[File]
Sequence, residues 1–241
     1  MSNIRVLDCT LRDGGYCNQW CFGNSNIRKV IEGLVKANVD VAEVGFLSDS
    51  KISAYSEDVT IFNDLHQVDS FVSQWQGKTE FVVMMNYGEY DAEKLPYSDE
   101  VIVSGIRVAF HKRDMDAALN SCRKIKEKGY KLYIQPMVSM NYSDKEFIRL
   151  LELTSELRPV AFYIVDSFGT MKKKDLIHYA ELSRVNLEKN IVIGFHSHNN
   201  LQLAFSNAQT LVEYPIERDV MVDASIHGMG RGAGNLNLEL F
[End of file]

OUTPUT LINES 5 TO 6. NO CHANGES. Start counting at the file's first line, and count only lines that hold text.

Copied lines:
   151  LELTSELRPV AFYIVDSFGT MKKKDLIHYA ELSRVNLEKN IVIGFHSHNN
   201  LQLAFSNAQT LVEYPIERDV MVDASIHGMG RGAGNLNLEL F